Annals of Dyslexia

, Volume 55, Issue 1, pp 105–128 | Cite as

Effects of mora deletion, nonword repetition, rapid naming, and visual search performance on beginning reading in Japanese

  • Maya Shiho Kobayashi
  • Charles W. Haynes
  • Paul Macaruso
  • Pamela E. Hook
  • Junko Kato
Article

Abstract

This study examined the extent to which mora deletion (phonological analysis), nonword repetition (phonological memory), rapid automatized naming (RAN), and visual search abilities predict reading in Japanese kindergartners and first graders. Analogous abilities have been identified as important predictors of reading skills in alphabetic languages like English. In contrast to English, which is based on grapheme-phoneme relationships, the primary components of Japanese orthography are two syllabaries—hiragana and katakana (collectively termed “kana”)—and a system of morphosyllabic symbols (kanji). Three RAN tasks (numbers, objects, syllabary symbols [hiragana]) were used with kindergartners, with an additional kanji RAN task included for first graders. Reading measures included accuracy and speed of passage reading for kindergartners and first graders, and reading comprehension for first graders. In kindergartners, hiragana RAN and number RAN were the only significant predictors of reading accuracy and speed. In first graders, kanji RAN and hiragana RAN predicted reading speed, whereas accuracy was predicted by mora deletion. Reading comprehension was predicted by kanji RAN, mora deletion, and nonword repetition. Although number RAN did not contribute unique variance to any reading measure, it correlated highly with kanji RAN. Implications of these findings for research and practice are discussed.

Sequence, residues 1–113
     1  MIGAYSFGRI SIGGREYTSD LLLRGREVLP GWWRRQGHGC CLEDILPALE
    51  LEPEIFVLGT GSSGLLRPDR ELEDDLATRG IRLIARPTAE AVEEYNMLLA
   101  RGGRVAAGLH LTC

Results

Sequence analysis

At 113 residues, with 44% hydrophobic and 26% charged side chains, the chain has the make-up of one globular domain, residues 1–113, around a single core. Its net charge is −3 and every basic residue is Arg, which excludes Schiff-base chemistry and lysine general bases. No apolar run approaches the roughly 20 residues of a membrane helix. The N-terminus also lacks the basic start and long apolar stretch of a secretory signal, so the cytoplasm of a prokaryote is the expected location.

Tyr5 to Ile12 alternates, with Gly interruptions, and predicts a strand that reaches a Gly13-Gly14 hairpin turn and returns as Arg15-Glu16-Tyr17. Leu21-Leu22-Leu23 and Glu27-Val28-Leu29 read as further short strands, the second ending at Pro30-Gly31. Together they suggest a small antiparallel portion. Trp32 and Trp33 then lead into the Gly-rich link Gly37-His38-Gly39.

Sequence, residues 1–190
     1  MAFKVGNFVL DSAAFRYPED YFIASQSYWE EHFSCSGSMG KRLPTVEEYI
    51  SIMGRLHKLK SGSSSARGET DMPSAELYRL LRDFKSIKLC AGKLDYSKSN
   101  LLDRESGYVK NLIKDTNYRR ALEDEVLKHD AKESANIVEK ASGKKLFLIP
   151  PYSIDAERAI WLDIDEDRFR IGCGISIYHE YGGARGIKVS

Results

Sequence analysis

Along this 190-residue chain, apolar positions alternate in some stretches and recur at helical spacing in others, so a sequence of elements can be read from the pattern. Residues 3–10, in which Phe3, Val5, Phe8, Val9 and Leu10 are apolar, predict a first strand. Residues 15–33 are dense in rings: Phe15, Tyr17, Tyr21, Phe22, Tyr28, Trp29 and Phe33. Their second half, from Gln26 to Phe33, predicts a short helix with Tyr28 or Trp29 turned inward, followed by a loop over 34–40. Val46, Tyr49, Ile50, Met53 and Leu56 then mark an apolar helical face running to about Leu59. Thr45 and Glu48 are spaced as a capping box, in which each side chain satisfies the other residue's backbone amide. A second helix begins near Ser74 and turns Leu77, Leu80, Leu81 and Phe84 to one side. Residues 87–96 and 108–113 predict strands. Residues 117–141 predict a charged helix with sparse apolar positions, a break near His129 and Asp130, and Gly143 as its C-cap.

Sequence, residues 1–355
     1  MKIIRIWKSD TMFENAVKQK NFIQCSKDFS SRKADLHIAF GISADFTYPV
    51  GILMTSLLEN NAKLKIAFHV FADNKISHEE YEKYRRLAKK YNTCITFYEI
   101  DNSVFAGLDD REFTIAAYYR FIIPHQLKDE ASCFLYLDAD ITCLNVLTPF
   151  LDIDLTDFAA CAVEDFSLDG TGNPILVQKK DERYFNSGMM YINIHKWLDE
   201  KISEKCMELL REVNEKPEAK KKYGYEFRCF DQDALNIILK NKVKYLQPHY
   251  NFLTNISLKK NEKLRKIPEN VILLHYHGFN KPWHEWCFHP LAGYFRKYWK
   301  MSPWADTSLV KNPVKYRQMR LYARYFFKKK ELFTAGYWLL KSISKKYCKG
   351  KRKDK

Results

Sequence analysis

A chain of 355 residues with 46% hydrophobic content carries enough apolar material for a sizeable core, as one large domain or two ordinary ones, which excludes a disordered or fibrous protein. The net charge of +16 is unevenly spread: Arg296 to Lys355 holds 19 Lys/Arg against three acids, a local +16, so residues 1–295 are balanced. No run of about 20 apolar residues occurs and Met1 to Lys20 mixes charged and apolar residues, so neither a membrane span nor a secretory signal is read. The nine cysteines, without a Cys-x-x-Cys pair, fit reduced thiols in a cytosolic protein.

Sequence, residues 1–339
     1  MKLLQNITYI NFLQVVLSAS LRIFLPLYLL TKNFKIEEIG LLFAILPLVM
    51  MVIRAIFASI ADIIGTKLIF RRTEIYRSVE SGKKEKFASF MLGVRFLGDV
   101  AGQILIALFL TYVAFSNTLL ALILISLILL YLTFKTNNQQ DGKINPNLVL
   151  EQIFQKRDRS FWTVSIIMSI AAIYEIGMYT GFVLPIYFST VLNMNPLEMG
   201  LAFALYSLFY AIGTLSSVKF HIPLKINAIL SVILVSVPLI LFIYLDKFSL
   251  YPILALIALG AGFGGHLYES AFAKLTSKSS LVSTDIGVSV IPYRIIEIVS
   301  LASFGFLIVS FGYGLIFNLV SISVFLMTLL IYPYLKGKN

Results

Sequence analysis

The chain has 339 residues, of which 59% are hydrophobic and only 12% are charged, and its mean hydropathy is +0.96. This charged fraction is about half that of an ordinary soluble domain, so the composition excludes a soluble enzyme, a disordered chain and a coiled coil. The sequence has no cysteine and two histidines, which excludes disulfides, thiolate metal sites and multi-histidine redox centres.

Key Words

Japanese kana mora deletion phonological awareness rapid naming reading 

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Copyright information

© The International Dyslexia Association 2005

Authors and Affiliations

  • Maya Shiho Kobayashi
    • 1
  • Charles W. Haynes
    • 2
  • Paul Macaruso
    • 3
    • 4
  • Pamela E. Hook
    • 2
  • Junko Kato
    • 5
  1. 1.Sophia UniversityTokyoJapan
  2. 2.Graduate Program in Communication Sciences and DisordersMGH Institute of Health ProfessionsBoston
  3. 3.Community College of Rhode Island and Haskins LaboratoriesLincoln
  4. 4.New Haven
  5. 5.Clinic Kato and Japan Dyslexia Research AssociationKawasakiJapan

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